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We are looking in the next 4 years or so into buying a house in Maine. My main thing is we fence in the yard.

Once we settle we plan on getting a Newfie, so it'll need to be able to withstand a large dog. Plus we have our beagle mix Copper whose got high prey drive, energy like the energizer bunny and has pogo sticks for legs. So the fence will probably have to be 7 foot tall minimum with some of it buried to prevent one of them from digging under. Having an existing fence would be nice but I'm willing to build one if need.

So what are some cheaper but non climable fencing methods?
 

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Put up a physical fence and back it up with an electronic fence. This will keep the dogs away from the fence altogether while preventing wildlife and other dogs from coming in. I suggest non climb Red Brand horse fence. It comes in different heights and must be stretched with a come-along or a tractor. You can also use plain electric fence along the top and around the bottom (have to keep wees off it). Use wither rough locust posts (last 20 years untreated) or use pressure treated posts labeled for underground use.

I also suggest, for when you cannot watch the dogs in the yard, s purchasing regular 5X10 or 10X10 welded wire (NOT chain link) dog kennels installed on a low deck and "U" bolted down. These should have secure tops (same panels the sides are made of and clamped on top). If the kennels are installed inside a structure with a slanted metal roof, you won't have to shovel them out in winter.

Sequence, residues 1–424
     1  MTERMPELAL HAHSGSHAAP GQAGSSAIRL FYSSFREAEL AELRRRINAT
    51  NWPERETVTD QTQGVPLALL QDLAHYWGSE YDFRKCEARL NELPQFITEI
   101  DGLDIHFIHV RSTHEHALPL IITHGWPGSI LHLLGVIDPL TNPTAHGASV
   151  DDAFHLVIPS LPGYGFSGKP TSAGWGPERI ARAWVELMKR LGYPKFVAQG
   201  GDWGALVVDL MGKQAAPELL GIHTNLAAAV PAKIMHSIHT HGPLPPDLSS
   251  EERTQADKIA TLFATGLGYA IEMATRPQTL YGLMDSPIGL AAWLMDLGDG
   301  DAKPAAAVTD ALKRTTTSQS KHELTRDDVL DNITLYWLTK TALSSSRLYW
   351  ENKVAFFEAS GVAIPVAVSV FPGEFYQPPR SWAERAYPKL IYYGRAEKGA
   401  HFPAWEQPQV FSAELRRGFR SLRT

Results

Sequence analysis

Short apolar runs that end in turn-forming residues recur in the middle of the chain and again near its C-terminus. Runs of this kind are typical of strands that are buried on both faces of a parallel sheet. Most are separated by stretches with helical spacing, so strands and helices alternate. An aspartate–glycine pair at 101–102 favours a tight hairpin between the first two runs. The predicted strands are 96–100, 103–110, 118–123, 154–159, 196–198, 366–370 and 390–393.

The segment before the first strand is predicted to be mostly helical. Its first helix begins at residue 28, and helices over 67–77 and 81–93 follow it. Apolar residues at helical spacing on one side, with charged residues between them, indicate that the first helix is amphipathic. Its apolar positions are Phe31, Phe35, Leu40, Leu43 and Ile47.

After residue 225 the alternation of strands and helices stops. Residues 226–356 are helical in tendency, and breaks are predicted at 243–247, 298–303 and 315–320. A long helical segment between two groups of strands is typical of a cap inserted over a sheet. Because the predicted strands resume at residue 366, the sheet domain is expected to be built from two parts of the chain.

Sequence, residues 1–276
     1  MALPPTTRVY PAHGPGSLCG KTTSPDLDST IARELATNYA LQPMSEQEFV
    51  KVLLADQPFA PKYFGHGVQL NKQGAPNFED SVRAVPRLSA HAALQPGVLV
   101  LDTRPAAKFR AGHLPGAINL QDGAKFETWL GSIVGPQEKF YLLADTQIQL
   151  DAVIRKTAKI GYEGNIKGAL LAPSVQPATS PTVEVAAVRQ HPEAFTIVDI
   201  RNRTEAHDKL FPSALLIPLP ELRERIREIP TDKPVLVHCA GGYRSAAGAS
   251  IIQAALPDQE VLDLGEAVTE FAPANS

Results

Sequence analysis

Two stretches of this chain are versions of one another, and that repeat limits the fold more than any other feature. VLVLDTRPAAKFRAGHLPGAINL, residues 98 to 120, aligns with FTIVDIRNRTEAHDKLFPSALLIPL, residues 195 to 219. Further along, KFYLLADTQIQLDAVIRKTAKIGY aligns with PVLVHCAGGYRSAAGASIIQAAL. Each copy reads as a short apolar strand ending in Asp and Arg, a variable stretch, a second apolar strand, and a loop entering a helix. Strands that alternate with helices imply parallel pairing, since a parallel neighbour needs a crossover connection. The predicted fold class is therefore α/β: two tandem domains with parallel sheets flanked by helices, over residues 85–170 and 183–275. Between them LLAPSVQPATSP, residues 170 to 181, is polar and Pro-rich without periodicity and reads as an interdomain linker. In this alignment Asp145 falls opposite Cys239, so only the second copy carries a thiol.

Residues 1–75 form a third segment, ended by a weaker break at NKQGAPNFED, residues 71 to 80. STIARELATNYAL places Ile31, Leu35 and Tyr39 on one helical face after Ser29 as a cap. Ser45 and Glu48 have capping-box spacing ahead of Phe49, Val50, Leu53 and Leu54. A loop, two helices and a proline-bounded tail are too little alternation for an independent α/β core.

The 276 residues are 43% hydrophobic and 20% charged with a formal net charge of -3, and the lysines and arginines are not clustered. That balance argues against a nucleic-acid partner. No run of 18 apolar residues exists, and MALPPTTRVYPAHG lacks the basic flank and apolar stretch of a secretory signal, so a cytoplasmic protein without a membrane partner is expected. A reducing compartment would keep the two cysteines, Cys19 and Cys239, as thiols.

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A wooden privacy fence is probably the most affordable, as well as the safest. Most dogs tend not to want to jump over anything if they can't see whats on the other side. Not all, but most. Newfies...I kinda doubt they would be that incredibly motivated to jump a 7 ft fence. They're big and heavy. Bury some chicken wire a couple feet out from the base of the fence, and that deters most dogs from digging under. Also, simply keeping an eye on them (especially if you know you have a digger) is always a good plan. If jumping does become a problem, you could probably install coyote rollers along the top of the fence. Most dogs need to kind of 'grab' the top of a high fence to help themselves over, so coyote rollers prevent them from using that leverage.

Also, think about objects near the fence. Trees, buildings, something the dog could use to propel themselves over. Watch those videos of "dog escape artists" to see what I mean, lol!
 

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A wooden privacy fence is probably the most affordable, as well as the safest. Most dogs tend not to want to jump over anything if they can't see whats on the other side. Not all, but most. Newfies...I kinda doubt they would be that incredibly motivated to jump a 7 ft fence. They're big and heavy. Bury some chicken wire a couple feet out from the base of the fence, and that deters most dogs from digging under. Also, simply keeping an eye on them (especially if you know you have a digger) is always a good plan. If jumping does become a problem, you could probably install coyote rollers along the top of the fence. Most dogs need to kind of 'grab' the top of a high fence to help themselves over, so coyote rollers prevent them from using that leverage.